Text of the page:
Why You Should Read and Write Short Stories

So much for trying to post on schedule, huh? In my defense, my entire family got hit (with the force of a bus) by an awful virus. I literally stayed in bed and played the Sims 4 for two days (and built a couple gorgeous houses).
Anyway, I'm finally back! Today I want to talk all about something a lot of writers unfortunately seem to hate: short stories! *cue the groans of hopelessness*
I used to love writing short stories. In fact, they're all I used to write. In sixth grade, I had a goal to write a long short story--and it ended up being 20 pages long. I still remember thinking as I wrote it that "I could never write a book! How do you even stretch a plot that long?"
And now I ask myself how the heck I condense a plot to something so short.
That's why I hate short stories--they're too short. I can't fit everything I need to fit in a short space! I can't construct a world with realistic characters and a complex plot in something half the size (give or take) of a regular novel! It's impossible!
But it's not impossible. Hard for some writers, but not impossible. And that's why it's so important to write short stories! And not even just write them--read them, too!

1. Reading them educates you. This semester, I'm taking an awesome lit class that delves into the world of the short story and the novel. My textbook is literally a stack of novels and short stories that I bought for cheap on Amazon. It's awesome! And, I didn't realize how much I love reading short stories until I had to do it for school. I'm still amazed at how authors can weave such complex plots in such a short amount of time! Reading is an amazing way for writers to learn new techniques, styles, and words. Just pick up a classic short story like The Yellow Wallpaper and see for yourself!

2. Writing them challenges you. If you hate writing short stories but you've had to write one anyway, then you know what I'm talking about! Writing a short story can be a really tough challenge, and that's a good thing. Writers thrive off of challenges and tough predicaments. It's how we learn, and it's how we grow.

3. Reading them inspires you. When you sit down and a read a good short story, your writing brain will more than likely come alive with ideas. Granted, that also tends to happen when you read a novel--but short stories can have such surprising twists to them in such a short time! Just read The Necklace by Guy de Maupassant for an example. Gosh I loved that one. I read it weeks ago and I'm still thinking about it, and when I finished it I asked myself, "How can I write an ending like that?" I was inspired to try to write my own short story with a twist ending, and I did!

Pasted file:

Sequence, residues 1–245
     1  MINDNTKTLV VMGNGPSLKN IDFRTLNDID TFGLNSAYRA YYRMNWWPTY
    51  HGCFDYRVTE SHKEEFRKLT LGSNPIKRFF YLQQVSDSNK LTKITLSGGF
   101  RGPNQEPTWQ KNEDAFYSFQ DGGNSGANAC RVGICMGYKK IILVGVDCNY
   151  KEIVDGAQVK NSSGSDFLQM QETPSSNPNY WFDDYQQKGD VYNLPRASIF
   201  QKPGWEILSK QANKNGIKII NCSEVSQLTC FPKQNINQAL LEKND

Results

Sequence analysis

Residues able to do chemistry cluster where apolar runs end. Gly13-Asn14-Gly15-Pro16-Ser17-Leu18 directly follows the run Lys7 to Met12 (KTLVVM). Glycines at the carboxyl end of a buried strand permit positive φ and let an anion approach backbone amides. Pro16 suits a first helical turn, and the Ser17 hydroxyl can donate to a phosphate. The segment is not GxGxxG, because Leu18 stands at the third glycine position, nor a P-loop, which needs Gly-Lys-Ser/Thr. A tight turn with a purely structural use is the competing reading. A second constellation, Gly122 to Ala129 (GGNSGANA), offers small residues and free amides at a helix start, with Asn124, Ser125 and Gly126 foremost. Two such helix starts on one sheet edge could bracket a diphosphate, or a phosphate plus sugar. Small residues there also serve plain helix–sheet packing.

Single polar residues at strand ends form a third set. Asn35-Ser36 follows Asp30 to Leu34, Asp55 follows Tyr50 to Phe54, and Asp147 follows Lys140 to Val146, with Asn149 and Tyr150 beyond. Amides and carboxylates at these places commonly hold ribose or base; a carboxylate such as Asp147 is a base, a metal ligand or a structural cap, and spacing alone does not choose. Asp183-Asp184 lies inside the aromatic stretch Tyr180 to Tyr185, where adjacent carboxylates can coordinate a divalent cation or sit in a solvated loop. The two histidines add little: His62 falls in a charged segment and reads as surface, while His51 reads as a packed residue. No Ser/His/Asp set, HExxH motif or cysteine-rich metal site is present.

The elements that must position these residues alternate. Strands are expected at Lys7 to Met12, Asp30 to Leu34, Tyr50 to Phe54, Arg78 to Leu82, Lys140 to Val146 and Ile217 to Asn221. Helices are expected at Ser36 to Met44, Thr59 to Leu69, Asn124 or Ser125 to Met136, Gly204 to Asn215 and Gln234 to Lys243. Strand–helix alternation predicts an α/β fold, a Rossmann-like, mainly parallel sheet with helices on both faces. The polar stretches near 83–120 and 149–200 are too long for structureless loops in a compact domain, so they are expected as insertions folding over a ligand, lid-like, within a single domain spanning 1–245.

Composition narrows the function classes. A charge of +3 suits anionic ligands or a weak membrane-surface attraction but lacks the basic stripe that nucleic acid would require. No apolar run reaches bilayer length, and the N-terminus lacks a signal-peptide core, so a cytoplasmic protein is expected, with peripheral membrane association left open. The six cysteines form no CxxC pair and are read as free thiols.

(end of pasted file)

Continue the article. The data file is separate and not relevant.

4. Writing them helps you. I always say you can never practice writing too much--and I mean every word. Writing is one of those crafts that you can never stop getting better at. And since a lot of writers struggle with the short story, it's a great way to practice! You'll learn pacing skills, character development skills, plotting skills--all kinds of stuff!

Last month, I briefly mentioned a short story project my friend is hosting on her blog. Well, if you're looking for a way to practice your short story writing skills, The Plot Project is perfect for you! Even though January is over, you can still jump in and take the challenge! This month's story theme is romance.
I successfully completed my first short story for January, but I don't plan on posting it anytime soon because it's not exactly ready for eyes. But hey, if I like my romance story this month... maybe I'll post it. We'll see!
Happy writing! :)